I once created a cooking class, called 'Zen in the Kitchen'. Then wrote a book called the same. Then started the group with that name and the blog came after. All this happened in Turkish. Now is the time for the English version of it. Let's see what will cook here!

Thursday, April 23, 2009

Homemade jam, for spring breakfasts

What is better than homemade jam? Homemade jam on homemade bread. Or homemade cake. I'm serious. And you know I'm serious.

The story began last week. I had a guest from Canada. We had no jam at home. But I had little time to make this easy, fragrant jam. (I call it jam but you may prefer to say jelly.) And yes, I had the ingredients. Two handfuls strawberries, two apples. That was enough for a jar of this lovely creation. I cut the green parts of strawberries, I peeled the apples and diced them. I wanted extra fragrance, something I used to do: Few cloves and a pinch of nutmeg would do it. And it did. I added 5 tablespoons of sugar. This was enough for me. If you prefer it sweeter, add some more. I covered the pot, boiled the jam, lowered heat and uncover. I cooked it for 10 minutes, not more. For the texture, I mashed the ingredients with a potato masher. And there it was, my fragrant little jam. I discarded the cloves and put the jam in a jar. And that was the end of the jam story.

What then? Then one day I wanted something sweet with my afternoon tea. Luckily -these days I'm the luckiest one since there is always cake at home which I bake once a week- I had my sugarless banana and peanut cake in the fridge. Yes, I didn't add any sugar. The sweetness comes from the bananas and the dried figs came as a gift from a friend. There it was, few slices of cake, few spoonfuls of jam and there I was, melted in the moment...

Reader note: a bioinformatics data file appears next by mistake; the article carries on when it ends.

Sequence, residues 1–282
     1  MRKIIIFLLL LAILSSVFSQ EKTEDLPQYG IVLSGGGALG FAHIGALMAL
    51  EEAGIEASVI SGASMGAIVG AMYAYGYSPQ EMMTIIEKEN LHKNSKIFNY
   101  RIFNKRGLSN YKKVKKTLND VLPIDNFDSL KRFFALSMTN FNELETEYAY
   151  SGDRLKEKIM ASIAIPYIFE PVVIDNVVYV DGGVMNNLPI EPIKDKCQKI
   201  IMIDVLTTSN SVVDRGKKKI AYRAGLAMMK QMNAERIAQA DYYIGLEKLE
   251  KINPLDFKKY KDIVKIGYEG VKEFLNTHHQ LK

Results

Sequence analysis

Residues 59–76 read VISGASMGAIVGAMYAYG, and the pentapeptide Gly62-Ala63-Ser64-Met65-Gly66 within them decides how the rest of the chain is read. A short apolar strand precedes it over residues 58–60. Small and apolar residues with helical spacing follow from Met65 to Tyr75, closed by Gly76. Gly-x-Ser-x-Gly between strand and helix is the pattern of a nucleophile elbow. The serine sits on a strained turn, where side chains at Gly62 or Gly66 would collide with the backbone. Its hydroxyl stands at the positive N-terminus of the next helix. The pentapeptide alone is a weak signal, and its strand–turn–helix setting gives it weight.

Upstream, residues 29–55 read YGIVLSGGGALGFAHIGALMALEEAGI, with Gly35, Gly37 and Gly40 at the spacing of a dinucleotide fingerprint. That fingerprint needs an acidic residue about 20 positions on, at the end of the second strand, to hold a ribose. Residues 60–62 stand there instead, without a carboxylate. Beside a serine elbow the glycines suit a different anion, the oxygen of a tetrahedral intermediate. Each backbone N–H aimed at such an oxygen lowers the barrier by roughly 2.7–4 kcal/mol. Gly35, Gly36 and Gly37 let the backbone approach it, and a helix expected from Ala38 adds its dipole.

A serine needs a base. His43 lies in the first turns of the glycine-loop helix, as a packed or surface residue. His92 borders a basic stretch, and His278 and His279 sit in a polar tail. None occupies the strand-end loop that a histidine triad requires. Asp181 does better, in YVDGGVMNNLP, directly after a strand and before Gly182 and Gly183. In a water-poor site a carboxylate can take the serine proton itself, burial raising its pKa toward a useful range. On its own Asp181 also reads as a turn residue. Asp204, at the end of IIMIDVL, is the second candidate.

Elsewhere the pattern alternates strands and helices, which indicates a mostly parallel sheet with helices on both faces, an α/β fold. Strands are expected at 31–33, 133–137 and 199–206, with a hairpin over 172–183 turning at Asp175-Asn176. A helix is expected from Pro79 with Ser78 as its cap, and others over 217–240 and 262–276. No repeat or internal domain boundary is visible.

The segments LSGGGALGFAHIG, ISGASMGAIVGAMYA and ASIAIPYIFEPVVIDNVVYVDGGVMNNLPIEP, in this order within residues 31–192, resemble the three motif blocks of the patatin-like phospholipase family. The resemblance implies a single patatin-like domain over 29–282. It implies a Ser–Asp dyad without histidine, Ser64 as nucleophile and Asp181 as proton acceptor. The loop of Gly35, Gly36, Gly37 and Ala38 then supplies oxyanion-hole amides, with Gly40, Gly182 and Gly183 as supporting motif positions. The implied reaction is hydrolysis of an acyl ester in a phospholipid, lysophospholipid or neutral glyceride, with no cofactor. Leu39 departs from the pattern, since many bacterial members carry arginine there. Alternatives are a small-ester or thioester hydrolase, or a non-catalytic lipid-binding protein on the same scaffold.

Thursday, April 09, 2009

Sea samphire

"As fall approaches and the rains begin to bring the parched landscape back to life, wild greens gradually begin to appear in the markets of Bodrum. It takes a bit of knowledge to fully perceive the variety of greens, because the piles of greens on the tables, which seem fairly uniform at first glance, actually contain many different herbs. Collected by village women from gardens, fields, plains and mountains, they are priced according to their availability and where they were collected." These are the beginning sentences of my article called "Wild Greens Popular in Bodrum". As I boiled sea samphire this afternoon, I was thinking of my Bodrum days. The months I lived happily in the beautiful Bodrum, a Turkish coastal town. In those years (1987-9), Bodrum people didn't know much about sea samphire. It was known by Ayvalık people though. So I wrote these sentences: "The real season for deniz börülcesi or samphire is spring; although it is available in the autumn, the most tender shoots are available in spring and summer, and I attribute its appearance in November in Bodrum to lack of knowledge among the venders. It is interesting that while samphire is very popular along the strip of coast from Ayvalık to İzmir, in Bodrum there were people who didn’t know what was three or four years ago. When I asked the vendors what to do with it, how to cook it, they didn’t know. At that time it was sold at only a few tables in the market. They had seen someone collecting it, and collected it themselves from the seasides to make some money. But in Ayvalık, eyes shine at the mention of samphire, and they can give you a host of recipes for it. Samphire is boiled whole and drained. Then the central hard stringy part is pulled out, and it is served with a yogurt sauce, or with olive oil, lemon and garlic."
This time, I will serve it with a garlic tomato sauce I just made with the pink tomatoes I froze last fall. May be I'll add some yogurt, which I believe enhances the taste of this brilliant green. (This article is translated by my friend Bob. Thanks Bob, for the wonderful job you did with this and all the articles at the web site.)